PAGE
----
William Blake's literary works are characterized by a ceaseless dynamics constituted in the fierce interactions of the language, thought, and narrative of his myth. Highlighting the critical problems facing the linear approach that the study of Blake has adopted from the traditional methodology of Newtonian science, Jules van Lieshout argues that nonlinearity is the key to understanding Blake's prophecies. Throughout his discussions, Van Lieshout focuses on the relation of Blake's Generation and Eternity, which he identifies as Bakhtinian 'world views'. In Generation, existence is finalized as a hierarchy of geometric 'dark globes', each assuming the character of universal whole to the exclusion of all others. Eternity, on the other hand, is Blake's fractal 'human form' of existence that is continuously organized and reorganized in the dynamic interaction of whole and parts. Blake represents these world views as interinvolved. Their dynamic interaction reflects and refracts his conceptual thought, mythological narrative, and poetic language.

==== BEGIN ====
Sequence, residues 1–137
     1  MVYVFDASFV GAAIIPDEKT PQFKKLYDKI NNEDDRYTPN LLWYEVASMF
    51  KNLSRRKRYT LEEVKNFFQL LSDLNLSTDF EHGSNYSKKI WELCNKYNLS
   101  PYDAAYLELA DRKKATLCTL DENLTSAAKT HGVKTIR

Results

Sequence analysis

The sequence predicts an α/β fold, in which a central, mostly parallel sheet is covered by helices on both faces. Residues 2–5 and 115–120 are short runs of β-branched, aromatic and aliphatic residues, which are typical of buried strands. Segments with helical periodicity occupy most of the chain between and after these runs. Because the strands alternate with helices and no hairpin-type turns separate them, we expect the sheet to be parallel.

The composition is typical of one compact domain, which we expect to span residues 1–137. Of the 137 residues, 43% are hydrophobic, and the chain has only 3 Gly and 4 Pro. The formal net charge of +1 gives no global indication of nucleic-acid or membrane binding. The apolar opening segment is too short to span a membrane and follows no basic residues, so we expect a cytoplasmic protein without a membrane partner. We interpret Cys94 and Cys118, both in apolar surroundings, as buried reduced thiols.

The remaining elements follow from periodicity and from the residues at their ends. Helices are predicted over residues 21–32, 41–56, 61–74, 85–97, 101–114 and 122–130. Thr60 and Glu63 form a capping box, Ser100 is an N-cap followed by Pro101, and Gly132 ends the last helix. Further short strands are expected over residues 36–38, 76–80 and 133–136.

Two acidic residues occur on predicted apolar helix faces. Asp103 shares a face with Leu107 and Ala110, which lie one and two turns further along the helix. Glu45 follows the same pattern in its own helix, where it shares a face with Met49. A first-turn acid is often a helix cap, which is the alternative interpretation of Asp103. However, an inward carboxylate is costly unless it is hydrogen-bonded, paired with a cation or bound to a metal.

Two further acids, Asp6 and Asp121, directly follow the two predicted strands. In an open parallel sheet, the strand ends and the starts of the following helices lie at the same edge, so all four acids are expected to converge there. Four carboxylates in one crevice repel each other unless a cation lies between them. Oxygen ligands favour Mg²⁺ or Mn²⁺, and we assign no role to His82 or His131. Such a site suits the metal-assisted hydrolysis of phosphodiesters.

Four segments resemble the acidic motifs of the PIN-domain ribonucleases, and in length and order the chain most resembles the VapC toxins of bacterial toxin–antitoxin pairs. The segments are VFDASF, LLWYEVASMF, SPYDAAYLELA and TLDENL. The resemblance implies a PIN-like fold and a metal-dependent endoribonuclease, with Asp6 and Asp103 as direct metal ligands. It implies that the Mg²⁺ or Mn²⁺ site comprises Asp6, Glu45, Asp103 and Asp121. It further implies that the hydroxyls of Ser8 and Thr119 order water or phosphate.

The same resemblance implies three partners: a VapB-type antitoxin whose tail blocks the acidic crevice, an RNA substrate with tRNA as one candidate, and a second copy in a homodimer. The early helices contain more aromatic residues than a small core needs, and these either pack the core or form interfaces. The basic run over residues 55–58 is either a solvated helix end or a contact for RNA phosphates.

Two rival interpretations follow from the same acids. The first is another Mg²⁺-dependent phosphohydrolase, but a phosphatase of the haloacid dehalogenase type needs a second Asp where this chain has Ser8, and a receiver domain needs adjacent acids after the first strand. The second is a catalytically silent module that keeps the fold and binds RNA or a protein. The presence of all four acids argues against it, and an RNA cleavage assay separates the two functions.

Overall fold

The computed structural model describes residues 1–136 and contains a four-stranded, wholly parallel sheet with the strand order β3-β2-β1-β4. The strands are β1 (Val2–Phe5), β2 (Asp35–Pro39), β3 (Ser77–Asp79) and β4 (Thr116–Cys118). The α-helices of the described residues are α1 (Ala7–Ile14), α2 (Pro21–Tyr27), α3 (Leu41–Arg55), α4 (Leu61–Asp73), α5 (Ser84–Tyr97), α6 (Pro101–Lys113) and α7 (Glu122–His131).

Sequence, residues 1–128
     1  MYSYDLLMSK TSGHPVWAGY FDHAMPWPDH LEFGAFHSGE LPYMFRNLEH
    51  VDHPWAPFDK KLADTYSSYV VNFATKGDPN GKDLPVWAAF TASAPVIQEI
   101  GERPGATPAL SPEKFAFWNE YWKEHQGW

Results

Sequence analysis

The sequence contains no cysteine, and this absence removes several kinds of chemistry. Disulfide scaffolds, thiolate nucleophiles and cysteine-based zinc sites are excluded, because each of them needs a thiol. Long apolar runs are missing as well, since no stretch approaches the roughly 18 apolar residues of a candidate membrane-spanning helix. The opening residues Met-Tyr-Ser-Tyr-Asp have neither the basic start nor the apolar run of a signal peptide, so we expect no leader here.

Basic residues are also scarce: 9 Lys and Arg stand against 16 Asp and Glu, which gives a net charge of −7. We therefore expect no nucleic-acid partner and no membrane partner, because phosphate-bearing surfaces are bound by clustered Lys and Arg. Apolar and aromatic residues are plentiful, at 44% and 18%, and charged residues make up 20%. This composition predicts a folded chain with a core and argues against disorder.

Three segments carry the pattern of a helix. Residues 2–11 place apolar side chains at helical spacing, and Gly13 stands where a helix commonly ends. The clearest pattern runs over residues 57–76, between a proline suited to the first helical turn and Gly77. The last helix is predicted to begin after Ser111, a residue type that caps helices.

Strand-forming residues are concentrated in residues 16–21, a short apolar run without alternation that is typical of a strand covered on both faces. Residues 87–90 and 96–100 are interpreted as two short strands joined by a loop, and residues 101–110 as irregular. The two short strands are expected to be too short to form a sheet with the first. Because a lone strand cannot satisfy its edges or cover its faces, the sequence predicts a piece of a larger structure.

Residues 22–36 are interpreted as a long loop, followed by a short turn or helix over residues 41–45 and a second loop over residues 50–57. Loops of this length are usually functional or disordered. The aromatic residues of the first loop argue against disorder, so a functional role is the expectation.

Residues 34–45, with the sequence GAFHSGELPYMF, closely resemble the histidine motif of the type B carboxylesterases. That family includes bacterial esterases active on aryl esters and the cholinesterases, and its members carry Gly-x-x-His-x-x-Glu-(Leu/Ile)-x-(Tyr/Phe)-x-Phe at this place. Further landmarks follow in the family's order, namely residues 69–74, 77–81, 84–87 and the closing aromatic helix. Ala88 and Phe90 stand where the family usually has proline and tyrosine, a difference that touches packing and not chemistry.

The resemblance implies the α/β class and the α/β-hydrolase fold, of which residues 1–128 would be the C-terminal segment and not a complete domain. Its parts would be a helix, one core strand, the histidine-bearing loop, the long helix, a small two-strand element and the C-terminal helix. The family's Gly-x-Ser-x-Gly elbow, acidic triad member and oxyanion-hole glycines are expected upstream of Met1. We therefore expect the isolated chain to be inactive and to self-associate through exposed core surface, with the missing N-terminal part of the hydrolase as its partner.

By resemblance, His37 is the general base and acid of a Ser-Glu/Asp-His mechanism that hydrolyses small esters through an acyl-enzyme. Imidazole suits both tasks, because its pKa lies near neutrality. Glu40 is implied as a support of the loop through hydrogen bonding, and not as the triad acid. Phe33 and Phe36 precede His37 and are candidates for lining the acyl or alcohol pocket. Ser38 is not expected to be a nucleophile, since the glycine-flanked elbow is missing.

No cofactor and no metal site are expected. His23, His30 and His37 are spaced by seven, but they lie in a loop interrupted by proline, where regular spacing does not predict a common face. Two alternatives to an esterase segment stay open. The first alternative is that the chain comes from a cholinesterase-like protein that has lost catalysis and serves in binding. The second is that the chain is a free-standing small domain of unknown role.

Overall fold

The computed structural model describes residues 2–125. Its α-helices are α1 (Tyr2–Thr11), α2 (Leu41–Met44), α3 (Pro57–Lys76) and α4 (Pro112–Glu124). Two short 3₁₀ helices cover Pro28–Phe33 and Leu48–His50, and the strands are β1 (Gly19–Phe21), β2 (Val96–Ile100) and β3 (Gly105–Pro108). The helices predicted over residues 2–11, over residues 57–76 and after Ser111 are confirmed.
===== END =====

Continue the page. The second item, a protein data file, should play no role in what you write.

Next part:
Hence, his visionary epic self-organizes into a self-similar complex system whose patterns of behaviour are not merely remarkably like those that modern applications of nonlinear dynamics are revealing in the physical world, but are indeed inherent in the processes of writing and reading his individual works.